from The American Heritage® Dictionary of the English Language, 4th Edition
- n. Any of several doglike mammals of the genus Canis of Africa and southern Asia that are mainly foragers feeding on plants, small animals, and occasionally carrion.
- n. An accomplice or a lackey who aids in the commission of base or disreputable acts.
- n. One who performs menial tasks for another.
from Wiktionary, Creative Commons Attribution/Share-Alike License
- n. Any of several wild canine species, native to the tropical Old World, smaller than a wolf.
- n. A person who performs menial/routine tasks, dogsbody
- n. A person who behaves in an opportunistic way; especially a base collaborator.
- n. A jack (the playing card.)
- v. To perform menial or routine tasks
from the GNU version of the Collaborative International Dictionary of English
- n. Any one of several species of carnivorous animals inhabiting Africa and Asia, related to the dog and wolf. They are cowardly, nocturnal, and gregarious. They feed largely on carrion, and are noted for their piercing and dismal howling.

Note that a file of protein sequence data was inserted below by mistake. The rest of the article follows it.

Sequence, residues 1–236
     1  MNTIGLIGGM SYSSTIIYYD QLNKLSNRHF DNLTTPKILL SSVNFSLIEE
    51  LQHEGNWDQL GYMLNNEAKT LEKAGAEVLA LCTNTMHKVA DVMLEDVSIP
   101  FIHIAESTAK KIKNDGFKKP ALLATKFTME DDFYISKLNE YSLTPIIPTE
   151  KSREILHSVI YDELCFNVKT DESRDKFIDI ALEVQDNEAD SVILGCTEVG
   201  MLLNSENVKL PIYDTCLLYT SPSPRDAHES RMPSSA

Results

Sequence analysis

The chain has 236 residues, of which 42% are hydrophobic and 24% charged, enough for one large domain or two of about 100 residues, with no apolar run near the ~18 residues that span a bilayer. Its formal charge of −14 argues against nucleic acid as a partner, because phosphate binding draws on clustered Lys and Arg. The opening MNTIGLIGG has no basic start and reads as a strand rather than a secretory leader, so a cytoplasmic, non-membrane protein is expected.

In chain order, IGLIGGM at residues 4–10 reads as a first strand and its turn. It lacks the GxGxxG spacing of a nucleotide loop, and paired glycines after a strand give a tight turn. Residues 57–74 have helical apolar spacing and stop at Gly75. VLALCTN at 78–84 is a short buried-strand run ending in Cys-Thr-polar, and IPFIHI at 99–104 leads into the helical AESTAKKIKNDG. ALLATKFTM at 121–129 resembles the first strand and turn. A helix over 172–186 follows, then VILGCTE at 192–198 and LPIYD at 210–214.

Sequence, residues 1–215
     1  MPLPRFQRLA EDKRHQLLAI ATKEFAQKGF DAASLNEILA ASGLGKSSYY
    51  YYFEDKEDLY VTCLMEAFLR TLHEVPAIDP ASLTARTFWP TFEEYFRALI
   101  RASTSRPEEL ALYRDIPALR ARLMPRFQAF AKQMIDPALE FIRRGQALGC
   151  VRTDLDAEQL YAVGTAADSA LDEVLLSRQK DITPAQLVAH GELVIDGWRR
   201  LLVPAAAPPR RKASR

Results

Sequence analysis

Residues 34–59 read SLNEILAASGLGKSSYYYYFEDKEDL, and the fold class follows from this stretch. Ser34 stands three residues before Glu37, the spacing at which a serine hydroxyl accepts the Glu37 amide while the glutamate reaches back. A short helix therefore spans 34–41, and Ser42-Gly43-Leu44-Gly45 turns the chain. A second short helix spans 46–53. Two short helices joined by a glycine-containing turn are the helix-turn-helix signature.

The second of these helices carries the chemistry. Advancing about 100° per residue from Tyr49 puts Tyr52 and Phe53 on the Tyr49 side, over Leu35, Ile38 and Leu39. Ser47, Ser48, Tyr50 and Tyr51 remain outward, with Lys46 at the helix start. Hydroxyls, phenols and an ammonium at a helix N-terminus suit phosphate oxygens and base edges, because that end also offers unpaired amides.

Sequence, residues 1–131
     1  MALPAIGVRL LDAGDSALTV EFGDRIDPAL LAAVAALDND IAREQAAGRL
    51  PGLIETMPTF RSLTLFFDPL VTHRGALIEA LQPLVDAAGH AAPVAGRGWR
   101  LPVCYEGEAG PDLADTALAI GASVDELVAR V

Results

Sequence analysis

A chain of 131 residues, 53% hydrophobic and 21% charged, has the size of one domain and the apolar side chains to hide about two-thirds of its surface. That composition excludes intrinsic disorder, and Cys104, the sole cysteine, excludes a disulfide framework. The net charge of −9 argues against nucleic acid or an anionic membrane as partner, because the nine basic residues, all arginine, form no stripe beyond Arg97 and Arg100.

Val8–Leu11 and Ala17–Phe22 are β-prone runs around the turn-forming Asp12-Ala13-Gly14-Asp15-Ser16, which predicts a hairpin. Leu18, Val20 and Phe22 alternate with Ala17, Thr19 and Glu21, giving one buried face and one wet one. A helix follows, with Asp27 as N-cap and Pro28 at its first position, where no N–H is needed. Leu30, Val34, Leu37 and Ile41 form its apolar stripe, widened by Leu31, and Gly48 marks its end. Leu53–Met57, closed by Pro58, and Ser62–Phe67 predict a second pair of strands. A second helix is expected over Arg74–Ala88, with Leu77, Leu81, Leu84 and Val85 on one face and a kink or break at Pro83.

- n. One who does mean work for another's advantage, as jackals were once thought to kill game which lions appropriated.
from The Century Dictionary and Cyclopedia
- n. A kind of wild dog somewhat resembling a fox, which inhabits Asia and Africa; one of several species of old-world fox-like Canidæ, of the genus Canis, as C. aureus of Asia, or C. anthus of Africa.
- n. Hence Any one who does dirty work for another; one who meanly serves the purpose of another.
from WordNet 3.0 Copyright 2006 by Princeton University. All rights reserved.
- n. Old World nocturnal canine mammal closely related to the dog; smaller than a wolf; sometimes hunts in a pack but usually singly or as a member of a pair
Turkish chakāl, from Persian shaghāl, from Middle Indic shagāl, from Sanskrit śṛgālaḥ.(American Heritage® Dictionary of the English Language, Fourth Edition)
From Turkish çakal, from Persian شغال (šağâl), from Sanskrit सृगाल (sṛgālá, "jackal") (Wiktionary)